In the first place: 1857 was largest ever armed uprising in the British colonial empire, and the impact of the uprising was such that it shook the foundations of the empire.1857 was a peasant rebellion, the underlying cause was the increasing land settlement laws being introduced by the British. In earlier times, before the British implemented the idea of land settlement; land was an inalienable right and the zamindar, feudal lords and the king had only rights over revenue collection. By introducing the principle of "Eminent Domain" the British had in one stroke reversed centuries of security over land tenure granted to the peasant. The principle of "eminent domain" declares the "ownership" of all land to reside in the crown, thereby allowing the eviction of rightful owners from their land, with only the need to pay due compensation. The growing insecurity of the peasantry over the probable loss of land quickly engulfed the regions of North India and even bringing the sepoys into the fray. Since the sepoys employed by the British army were peasants, they could directly relate to the issue of growing insecurity over land rights and took up the cause for armed resistance. In the second place: it was only after the initial success of the peasantry and the sepoys that the feudal estates such as Jhansi came into play, for most of the feudal estates, it was a struggle against the increasing strangle hold of the British and to retain their dominion and their alignment with the peasantry was taken after due thought and consideration. They assumed that the whole of British India would rebel successfully and after kicking the British out, they would continue to rule. These feudal estates did not enter the fight with any sense of any progressive values which would have led to the emancipation of the toiling peasantry. In the third place and most the important point, is to be able to understand and place 1857 within the context of our current era. There is little point in us celebrating 1857, if it does not carry some relevance for us today. The most important lesson that we can get from readings on 1857 is the "institutionalization of traitors". Traitors have always been the part and parcel of history, be it Jai Chand or Mir Jaffer, but eventually they get relegated to a foot note of history. It is only after 1857, we can clearly find, that those who sided with the British in defeating the Indians were felicitated, given appointments in administration, business contracts, judiciary, land, zamindari, princely tutelages, "Rai Sahib Titles, provided secure residences (the concept of "civil lines" came up only after 1857). The lesson to be learnt is that it is this class of traitors, who first of all took sides with the British in defeating our people, also took over as the rulers of India in 1947 and continue to rule over us even today. We can even directly trace numerous families such as the Scindias and many other "Maharajas" who continue to rule India today. All such families who claim the title "Maharaja" were those who either continued to sit quietly on the sidelines during the war or they actively supported the British in quelling the rebellion and for that favour, were bestowed with numerous privileges by the British. Not one among these traitors of the feudal brigade have had the courage to speak up against their ancestors or retune the land and estates bestowed upon them by the British. It is their tacit support of the imperialist powers that have ensured their retention in the current political arena even today. It is this class and their obvious alignment towards propagating and protecting the interest of western economy and politics, which has ensured that agents of foreign capital such as World Bank continue to dominate the political and economic agendas of our country. It is this class of traitors who enabled the British to rule over India for the next 90 years till 1947 and then were left to rule as British colonial agents till today. It is these very same families who continue to rule as Shaheed Bhagat Singh called them, "The Black British" (Kaale Angrez).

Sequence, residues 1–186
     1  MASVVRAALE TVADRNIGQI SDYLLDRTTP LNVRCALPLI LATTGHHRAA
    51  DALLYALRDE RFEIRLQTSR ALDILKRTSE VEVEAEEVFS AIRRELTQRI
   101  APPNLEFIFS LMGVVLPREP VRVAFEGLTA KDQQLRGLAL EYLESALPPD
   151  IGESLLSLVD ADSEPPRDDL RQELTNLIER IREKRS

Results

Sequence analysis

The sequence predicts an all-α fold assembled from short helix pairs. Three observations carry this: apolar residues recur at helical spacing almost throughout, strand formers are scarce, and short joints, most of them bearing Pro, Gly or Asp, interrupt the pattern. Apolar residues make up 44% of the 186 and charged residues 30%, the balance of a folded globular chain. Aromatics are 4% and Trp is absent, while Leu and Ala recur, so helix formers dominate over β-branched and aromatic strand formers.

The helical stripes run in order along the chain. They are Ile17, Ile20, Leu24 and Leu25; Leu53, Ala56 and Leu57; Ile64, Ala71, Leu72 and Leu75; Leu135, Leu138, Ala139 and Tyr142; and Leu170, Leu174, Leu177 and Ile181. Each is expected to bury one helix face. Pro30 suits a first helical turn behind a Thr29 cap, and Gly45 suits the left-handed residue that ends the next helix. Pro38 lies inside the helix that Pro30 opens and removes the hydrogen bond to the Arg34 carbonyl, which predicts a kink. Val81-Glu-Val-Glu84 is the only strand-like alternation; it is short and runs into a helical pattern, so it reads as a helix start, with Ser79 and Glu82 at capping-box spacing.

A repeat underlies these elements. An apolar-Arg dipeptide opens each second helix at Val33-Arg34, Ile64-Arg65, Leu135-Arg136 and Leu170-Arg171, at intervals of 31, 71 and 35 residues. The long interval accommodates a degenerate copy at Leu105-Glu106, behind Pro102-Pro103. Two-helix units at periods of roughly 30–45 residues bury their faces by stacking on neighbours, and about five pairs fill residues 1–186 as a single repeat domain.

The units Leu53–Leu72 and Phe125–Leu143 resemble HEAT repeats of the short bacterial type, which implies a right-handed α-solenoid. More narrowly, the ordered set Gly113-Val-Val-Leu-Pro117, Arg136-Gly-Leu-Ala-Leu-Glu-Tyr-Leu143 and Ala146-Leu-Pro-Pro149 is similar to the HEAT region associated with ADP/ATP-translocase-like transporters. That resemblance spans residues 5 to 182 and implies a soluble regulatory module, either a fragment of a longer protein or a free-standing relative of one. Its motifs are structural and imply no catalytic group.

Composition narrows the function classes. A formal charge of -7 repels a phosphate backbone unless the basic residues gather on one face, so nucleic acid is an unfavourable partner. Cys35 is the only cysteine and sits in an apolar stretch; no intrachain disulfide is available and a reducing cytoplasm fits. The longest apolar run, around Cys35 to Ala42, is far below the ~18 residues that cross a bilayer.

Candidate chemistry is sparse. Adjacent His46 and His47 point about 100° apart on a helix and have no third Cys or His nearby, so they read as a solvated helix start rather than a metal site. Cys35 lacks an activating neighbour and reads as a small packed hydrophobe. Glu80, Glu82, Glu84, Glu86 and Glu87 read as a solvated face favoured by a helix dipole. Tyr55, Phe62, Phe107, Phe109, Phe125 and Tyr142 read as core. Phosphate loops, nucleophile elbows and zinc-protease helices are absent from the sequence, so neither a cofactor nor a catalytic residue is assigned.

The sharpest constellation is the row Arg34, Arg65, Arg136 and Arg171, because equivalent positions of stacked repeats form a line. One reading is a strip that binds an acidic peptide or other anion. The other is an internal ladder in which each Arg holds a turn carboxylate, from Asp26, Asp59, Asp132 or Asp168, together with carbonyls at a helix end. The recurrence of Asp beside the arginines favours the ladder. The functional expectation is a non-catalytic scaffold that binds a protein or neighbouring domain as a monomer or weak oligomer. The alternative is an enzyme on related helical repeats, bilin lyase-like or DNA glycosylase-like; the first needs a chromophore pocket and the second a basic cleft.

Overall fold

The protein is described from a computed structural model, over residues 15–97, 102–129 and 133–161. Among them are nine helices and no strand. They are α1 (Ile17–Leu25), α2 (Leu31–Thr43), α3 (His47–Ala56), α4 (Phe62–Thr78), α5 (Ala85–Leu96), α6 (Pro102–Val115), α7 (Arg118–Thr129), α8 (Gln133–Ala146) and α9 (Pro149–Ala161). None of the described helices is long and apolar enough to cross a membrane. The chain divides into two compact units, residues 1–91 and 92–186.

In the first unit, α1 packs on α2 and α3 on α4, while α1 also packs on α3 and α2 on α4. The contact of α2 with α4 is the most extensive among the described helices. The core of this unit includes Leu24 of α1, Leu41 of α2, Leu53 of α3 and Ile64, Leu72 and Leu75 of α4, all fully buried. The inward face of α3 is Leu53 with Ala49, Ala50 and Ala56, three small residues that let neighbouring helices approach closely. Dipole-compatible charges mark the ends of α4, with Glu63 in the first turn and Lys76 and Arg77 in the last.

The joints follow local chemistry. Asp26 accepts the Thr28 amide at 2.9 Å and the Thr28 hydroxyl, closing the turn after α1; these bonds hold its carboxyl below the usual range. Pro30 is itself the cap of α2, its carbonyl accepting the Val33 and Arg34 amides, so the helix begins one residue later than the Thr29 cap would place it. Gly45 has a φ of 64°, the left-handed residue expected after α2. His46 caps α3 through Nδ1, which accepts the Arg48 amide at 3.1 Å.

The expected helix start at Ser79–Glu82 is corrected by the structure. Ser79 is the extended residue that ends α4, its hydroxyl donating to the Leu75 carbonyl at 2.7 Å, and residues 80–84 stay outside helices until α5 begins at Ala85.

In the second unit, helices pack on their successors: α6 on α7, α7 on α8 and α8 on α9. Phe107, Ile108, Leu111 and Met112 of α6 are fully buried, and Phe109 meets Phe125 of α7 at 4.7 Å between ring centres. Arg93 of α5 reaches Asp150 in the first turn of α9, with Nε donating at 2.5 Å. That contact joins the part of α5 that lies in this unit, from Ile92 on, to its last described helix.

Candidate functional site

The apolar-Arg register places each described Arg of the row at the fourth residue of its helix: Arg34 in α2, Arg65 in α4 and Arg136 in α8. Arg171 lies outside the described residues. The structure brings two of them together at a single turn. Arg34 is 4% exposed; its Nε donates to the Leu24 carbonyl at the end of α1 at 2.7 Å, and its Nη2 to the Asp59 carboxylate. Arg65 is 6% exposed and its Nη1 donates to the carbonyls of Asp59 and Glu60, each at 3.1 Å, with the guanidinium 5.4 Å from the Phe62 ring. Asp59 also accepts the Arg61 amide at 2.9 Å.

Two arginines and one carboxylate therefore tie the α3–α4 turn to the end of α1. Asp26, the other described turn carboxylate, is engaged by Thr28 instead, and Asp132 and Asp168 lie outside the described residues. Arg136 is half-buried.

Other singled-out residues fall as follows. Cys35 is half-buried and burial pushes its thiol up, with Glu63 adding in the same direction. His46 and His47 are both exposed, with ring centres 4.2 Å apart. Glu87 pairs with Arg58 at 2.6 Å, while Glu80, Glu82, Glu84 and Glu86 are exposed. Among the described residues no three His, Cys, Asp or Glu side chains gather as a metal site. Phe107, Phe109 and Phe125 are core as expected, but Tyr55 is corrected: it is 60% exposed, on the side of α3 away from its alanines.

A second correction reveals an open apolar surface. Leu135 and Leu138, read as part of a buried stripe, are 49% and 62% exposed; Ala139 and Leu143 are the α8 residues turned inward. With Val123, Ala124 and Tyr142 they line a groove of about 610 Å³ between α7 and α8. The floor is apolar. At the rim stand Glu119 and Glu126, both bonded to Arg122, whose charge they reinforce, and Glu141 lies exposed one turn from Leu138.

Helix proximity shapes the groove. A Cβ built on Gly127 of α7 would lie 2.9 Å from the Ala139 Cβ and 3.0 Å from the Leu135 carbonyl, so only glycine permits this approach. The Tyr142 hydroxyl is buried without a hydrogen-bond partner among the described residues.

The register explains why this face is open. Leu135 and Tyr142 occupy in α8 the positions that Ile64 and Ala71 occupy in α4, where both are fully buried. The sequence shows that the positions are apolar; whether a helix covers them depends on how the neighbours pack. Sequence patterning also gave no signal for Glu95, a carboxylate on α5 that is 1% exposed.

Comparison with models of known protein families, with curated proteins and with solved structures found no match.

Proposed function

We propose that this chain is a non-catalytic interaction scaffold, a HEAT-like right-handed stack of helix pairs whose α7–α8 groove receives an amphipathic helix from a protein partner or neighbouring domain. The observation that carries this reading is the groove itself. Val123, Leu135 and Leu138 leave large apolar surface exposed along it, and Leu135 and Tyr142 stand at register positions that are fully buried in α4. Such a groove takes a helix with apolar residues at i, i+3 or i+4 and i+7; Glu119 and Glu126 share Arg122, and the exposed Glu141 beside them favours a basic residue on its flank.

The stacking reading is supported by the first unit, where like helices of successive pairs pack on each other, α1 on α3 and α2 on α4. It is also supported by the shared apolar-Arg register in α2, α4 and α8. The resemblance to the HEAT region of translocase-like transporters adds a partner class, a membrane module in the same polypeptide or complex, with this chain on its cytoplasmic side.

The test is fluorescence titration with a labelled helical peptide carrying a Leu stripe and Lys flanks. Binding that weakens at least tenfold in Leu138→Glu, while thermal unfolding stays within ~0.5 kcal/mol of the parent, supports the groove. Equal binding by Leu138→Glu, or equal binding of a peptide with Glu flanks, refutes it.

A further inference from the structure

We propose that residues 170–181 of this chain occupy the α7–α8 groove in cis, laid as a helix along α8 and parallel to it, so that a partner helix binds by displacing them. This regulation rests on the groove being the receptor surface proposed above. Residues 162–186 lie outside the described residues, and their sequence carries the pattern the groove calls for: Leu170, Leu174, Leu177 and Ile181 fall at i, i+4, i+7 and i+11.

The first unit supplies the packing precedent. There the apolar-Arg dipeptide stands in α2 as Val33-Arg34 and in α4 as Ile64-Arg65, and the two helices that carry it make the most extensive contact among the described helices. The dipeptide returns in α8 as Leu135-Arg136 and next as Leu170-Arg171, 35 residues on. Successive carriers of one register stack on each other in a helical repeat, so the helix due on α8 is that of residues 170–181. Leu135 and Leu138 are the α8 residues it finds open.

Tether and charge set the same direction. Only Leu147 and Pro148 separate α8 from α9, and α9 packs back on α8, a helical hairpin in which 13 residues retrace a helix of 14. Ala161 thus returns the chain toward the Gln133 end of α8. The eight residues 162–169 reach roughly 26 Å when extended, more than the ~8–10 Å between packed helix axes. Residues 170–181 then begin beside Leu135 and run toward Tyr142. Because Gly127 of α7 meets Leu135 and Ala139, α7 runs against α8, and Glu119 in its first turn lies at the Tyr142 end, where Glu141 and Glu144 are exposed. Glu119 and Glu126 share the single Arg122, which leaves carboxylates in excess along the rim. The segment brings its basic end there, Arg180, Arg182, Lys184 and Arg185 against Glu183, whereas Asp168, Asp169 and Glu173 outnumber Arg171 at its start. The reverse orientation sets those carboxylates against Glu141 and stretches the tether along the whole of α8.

If we see the economic, social and political policies of our current times we can see that they favour the developed and nations at the cost of the Indian polity. In each and every point of intervention, whether it is the support for multi national corporations to find India a point of cheap labor, or the development of SEZs (tax and customs duty free zones), or recent shameful statements by Man Mohan Singh in Oxford, where he praised colonial rule over India! Is our PM blind or illiterate that he does not know about the devastation of Indian business and economy by British colonialism? The problem is not in incorrect assessment of the ills of the colonial rules, the point to note is that this class of people have aligned themselves with the ruling class interests of the developed nations and not with the toiling Indians.